While the American chain restaurant invasion of China has been underway for some time, and it seems like KFC can be found every few blocks, where would be the fun in sacrificing adventure for the sake of the familiar?
Our neighborhood in Changchun is full of small family restaurants. And I do mean small. When you think of a small restaurant, how small is it? These are smaller than that. No… Smaller than that, too. In a walk through the neighborhood, you will pass a few restaurants that have 10-15 tables. But for every one of those there will be three that have just 5 or 6 tables. Or four. Or three. Or yes, even two.
Some of these restaurants double as the residence for the owners. Rather than pay rent on both a restaurant and a residence, they carve out a small living area in the back and make a go of it. In the restaurant where I had breakfast this morning, they made use of a space above two tables and put in a sleeping bunk.
Tables and chairs definitely show variety:
At a restaurant with tables and chairs like this, you might expect to pay around 25 RMB ($4.20) per person for your meal.
Brand new tables. Plastic stools with foam padded tops (still wrapped in plastic). This Halal restaurant just finished a remodel last week. A typical meal here would be around 15 RMB ($2.50) per person without meat, or 30-35 RMB per person with beef or lamb.
Solid wood chairs with foam seating pads. Dumpling meals here are roughly 15 RMB per person. (The squeeze bottles are not ketchup and mustard. Red is soy sauce, yellow is vinegar. The small stainless bowls contain dried chile peppers, garlic paste, and something the Bearded Giant still has not tried).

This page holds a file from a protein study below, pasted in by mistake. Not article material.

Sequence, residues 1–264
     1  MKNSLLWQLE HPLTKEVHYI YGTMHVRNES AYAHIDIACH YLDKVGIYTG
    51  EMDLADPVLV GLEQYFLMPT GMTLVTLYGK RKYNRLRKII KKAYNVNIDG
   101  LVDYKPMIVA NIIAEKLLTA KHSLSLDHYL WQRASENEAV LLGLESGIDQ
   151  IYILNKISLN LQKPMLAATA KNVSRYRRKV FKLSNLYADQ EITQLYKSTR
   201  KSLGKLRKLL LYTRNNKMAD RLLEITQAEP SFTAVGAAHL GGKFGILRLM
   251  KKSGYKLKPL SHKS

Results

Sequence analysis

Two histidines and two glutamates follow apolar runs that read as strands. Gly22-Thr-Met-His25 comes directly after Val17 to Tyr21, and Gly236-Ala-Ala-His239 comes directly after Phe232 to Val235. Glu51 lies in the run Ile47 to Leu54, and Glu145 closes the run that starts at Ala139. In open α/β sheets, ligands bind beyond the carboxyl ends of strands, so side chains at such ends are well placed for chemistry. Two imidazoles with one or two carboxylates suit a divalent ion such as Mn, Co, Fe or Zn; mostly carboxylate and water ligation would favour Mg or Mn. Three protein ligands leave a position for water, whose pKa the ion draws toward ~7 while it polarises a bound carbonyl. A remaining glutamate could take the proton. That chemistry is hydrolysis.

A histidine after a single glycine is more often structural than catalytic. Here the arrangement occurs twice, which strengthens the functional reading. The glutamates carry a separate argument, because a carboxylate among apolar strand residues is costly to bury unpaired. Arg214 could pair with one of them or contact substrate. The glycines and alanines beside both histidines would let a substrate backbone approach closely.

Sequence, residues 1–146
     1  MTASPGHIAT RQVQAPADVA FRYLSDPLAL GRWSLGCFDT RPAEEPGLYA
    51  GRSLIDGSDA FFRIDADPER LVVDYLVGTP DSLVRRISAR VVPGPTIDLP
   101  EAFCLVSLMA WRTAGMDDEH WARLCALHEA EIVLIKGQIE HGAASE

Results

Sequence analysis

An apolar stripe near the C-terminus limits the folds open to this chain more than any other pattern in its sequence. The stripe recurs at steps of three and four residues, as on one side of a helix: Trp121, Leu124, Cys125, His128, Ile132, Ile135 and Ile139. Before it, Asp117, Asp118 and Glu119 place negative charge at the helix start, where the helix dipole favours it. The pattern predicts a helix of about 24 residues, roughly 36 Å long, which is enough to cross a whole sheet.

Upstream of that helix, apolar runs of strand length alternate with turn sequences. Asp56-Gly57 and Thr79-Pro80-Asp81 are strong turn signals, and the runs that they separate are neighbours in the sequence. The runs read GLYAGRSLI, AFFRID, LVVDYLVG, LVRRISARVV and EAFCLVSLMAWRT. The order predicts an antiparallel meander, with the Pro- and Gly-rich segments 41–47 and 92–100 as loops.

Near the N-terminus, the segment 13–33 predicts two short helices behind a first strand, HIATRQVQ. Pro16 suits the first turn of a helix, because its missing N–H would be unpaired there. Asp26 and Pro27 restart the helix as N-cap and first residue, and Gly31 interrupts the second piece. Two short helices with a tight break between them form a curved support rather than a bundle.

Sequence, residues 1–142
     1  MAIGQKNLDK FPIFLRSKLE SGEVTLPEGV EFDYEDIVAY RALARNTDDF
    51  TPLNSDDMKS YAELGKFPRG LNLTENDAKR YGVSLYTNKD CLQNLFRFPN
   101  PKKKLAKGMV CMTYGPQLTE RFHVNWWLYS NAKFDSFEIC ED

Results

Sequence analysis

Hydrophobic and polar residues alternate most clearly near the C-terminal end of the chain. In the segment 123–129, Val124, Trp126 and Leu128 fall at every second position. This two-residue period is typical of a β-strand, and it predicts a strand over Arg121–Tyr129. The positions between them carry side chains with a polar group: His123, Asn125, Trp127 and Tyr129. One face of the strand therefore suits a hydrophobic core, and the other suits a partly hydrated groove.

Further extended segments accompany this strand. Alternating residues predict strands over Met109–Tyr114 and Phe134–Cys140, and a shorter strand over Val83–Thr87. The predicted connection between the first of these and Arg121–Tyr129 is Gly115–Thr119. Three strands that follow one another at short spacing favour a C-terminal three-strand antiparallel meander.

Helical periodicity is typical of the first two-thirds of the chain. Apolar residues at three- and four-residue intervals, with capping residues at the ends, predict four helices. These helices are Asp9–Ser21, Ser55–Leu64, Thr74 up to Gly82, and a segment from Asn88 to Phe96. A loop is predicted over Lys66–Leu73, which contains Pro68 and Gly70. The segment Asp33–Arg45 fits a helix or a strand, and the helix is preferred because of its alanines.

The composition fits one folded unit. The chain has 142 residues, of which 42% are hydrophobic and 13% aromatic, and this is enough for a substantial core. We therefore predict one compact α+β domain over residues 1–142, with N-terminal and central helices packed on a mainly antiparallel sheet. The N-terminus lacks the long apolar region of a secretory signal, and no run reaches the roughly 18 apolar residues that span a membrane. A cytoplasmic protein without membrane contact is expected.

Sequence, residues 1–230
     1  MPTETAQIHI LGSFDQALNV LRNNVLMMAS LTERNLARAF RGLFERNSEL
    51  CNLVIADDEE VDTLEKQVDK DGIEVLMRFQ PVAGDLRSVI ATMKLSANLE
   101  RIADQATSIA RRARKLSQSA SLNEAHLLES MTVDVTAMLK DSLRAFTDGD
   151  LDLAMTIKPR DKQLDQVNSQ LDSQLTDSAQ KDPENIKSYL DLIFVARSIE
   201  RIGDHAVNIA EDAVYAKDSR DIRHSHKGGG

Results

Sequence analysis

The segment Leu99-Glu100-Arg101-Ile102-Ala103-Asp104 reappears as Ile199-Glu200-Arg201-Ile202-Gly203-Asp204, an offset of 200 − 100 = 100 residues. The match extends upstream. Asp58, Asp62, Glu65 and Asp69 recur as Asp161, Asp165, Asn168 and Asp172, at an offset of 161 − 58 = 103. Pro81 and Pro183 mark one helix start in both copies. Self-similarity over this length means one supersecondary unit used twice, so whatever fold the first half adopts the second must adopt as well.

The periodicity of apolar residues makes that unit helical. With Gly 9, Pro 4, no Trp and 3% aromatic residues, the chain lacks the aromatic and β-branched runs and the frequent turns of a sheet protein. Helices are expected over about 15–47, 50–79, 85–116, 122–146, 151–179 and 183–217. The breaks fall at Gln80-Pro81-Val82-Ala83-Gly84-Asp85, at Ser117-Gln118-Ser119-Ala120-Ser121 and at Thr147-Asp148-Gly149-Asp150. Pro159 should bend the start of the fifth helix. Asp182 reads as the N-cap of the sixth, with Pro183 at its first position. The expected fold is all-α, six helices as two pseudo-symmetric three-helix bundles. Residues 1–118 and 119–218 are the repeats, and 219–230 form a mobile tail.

A breakfast restaurant with foam pads on benches for comfort. Breakfast here is around 5-10 RMB per person.
Changchun gets VERY cold in winter. Despite being at the same latitude as the southern border of South Dakota; Milwaukee, Wisconsin or Albany, New York, Changchun is much colder than any of these. In fact it is colder than Calgary, or Edmonton, or Moscow, or Stockholm. Changchun’s nearby neighbor, Harbin, is the only colder large city on the planet.
You see the effects of the cold winter everywhere, including in the layout of restaurants. Nearly all restaurants have double front doors, with a small anteroom between them to keep the outside cold away from the patrons during the brutal winter. During spring and summer, these anterooms see use as storerooms, which is an odd experience coming from America. The most valuable stock in the restaurant, its stores of alcohol, are routinely stored here between the two front doors.
The entryway to a small dumpling restaurant. This ten-table restaurant stores its supply of Snow Beer (and other brands) between the outer and inner front doors.
To be continued in Part 2.